Re: Debian part of a version number when epoch is bumped
- To: Ian Jackson <email@example.com>, Philipp Kern <firstname.lastname@example.org>
- Cc: Seth Arnold <email@example.com>, firstname.lastname@example.org, Jeremy Bicha <email@example.com>, "Christian T. Steigies" <firstname.lastname@example.org>
- Subject: Re: Debian part of a version number when epoch is bumped
- From: Guillem Jover <email@example.com>
- Date: Mon, 12 Feb 2018 03:12:20 +0100
- Message-id: <[🔎] 20180212021220.GA24590@gaara.hadrons.org>
- Mail-followup-to: Ian Jackson <firstname.lastname@example.org>, Philipp Kern <email@example.com>, Seth Arnold <firstname.lastname@example.org>, email@example.com, Jeremy Bicha <firstname.lastname@example.org>, "Christian T. Steigies" <email@example.com>
- In-reply-to: <[🔎] firstname.lastname@example.org> <[🔎] email@example.com>
On Fri, 2018-02-09 at 12:01:46 +0000, Ian Jackson wrote:
> Seth Arnold writes ("Re: Debian part of a version number when epoch is bumped"):
> > tar will treat a filename with : in it as a command to connect to a remote
> > machine via rsh and execute /etc/rmt remotely:
> > ftp://ftp.gnu.org/old-gnu/Manuals/tar/html_node/tar_127.html
> > The git repo shows that GNU tar had --force-local in 1994 (f_force_local):
> > http://git.savannah.gnu.org/cgit/tar.git/commit/?id=d3fdd8259b1dd0e5ec05d1540b10d2deba7cc864
> > Perhaps not using colons in filenames directly comes from not wanting to
> > require --force-local on every single tar invocation for decades to come?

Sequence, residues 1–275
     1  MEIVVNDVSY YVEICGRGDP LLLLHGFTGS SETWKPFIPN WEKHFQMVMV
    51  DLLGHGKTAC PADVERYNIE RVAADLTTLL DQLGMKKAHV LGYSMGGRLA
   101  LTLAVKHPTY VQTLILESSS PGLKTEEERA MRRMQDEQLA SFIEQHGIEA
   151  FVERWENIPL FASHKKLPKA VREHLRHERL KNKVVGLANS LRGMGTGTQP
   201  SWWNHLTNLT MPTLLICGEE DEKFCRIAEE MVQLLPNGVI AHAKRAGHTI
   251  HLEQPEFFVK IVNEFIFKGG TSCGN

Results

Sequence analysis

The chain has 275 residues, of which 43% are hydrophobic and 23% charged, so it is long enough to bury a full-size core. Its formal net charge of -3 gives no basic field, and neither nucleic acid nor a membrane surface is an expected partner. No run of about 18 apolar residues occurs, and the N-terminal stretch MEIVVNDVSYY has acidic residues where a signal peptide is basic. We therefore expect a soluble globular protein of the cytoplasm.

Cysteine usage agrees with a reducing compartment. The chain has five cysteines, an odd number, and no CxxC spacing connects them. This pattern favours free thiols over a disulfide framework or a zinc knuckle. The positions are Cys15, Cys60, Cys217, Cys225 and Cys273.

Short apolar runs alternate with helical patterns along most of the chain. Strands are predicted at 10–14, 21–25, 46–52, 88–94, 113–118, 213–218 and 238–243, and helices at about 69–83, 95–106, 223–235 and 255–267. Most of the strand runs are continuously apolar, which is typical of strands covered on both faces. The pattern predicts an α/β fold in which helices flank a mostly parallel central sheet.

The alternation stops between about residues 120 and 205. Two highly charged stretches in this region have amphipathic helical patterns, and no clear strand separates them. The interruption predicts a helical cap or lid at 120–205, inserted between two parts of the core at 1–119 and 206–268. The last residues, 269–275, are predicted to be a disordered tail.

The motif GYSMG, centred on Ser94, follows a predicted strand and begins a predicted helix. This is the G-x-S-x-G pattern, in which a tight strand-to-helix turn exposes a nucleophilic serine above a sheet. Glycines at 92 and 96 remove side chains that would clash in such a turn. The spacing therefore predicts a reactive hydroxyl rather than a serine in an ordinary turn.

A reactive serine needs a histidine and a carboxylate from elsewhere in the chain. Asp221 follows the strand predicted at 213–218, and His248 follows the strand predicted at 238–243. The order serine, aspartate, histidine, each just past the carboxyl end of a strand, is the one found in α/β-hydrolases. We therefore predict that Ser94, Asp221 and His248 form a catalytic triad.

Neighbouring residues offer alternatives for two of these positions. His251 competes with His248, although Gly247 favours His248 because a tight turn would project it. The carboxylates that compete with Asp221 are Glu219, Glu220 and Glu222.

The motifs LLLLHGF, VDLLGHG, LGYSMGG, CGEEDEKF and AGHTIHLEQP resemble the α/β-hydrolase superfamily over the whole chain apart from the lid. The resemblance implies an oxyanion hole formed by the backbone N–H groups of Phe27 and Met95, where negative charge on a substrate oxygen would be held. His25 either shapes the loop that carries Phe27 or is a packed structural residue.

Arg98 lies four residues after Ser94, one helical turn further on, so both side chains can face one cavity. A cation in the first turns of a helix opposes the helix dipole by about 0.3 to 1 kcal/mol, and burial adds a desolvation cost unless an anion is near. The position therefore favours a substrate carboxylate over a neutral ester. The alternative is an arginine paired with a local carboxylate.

Right, covered too in:
> rsync and scp have similar behaviour.
> Basically, `:' is annoying in filenames. Encoding it would have been
> possible but we don't encode anything else. And I think a rule
> against reusing the same upstream version with a different epoch is
> entirely sensible, anyway.
Yeah. If we decided we wanted epochs present somehow in filenames
(#551323, for which I think I've got most code in some dpkg branch,
but I'd expect there are going to be tons of things assuming filename
patterns in external tools), we'd still need to decide first how and
if to encode it, and second when to encode it. As you say, we can
consider to add the epoch to the upstream tarball or not; because in
the end that's a Debian specific construction in the same way as our
If upstream is releasing different content using the same version, then,
well, this so broken I'm not sure it's worth supported anyway. :)
The problem could have also been introduced by Debian, by using an
inexistent version that then upstream starts reusing, which IMO then
deserves a Debian-specific versioning scheme, such as +ds or similar.
The former can also be worked around this way. So I think it does make
sense to ignore epochs for orig tarballs.
This means we still could consider introducing epochs for the rest of
the filenames, .dsc, .changes, .deb, .diff.*, etc. The problem of course
is still *.debian.tar.*.
In any case, I agree with Colin that the problem here is with DAK
forgetfulness, because all filenames ever seen by DAK should be unique
and never contain different content regardless of the time frame.
On Fri, 2018-02-09 at 18:10:54 +0100, Philipp Kern wrote:
> On 09.02.2018 17:02, Ian Jackson wrote:
> > Philipp Kern writes ("Re: Debian part of a version number when epoch is bumped"):
> >> You say upstream version. But I'd say that rollbacks are exactly that:
> >> reuse of a different epoch with the same upstream version. Like what
> >> happened to imagemagick multiple times.
> > I don't know precisely what you mean by "rollback". If you mean
> > "change our mind about uploading foo new upstream version 3, and go
> > back to foo upstream version 2", I would not encourage use of an epoch
> > for that. I would upload foo version "3+really2". This is ugly but
> > fits much better into everything.
> But how is that better than using an epoch? I fully understand why
> Ubuntu has to use this scheme because they can't use epochs. But we can.
> Why isn't this a legitimate case to use one?
We've already had this exact conversation before: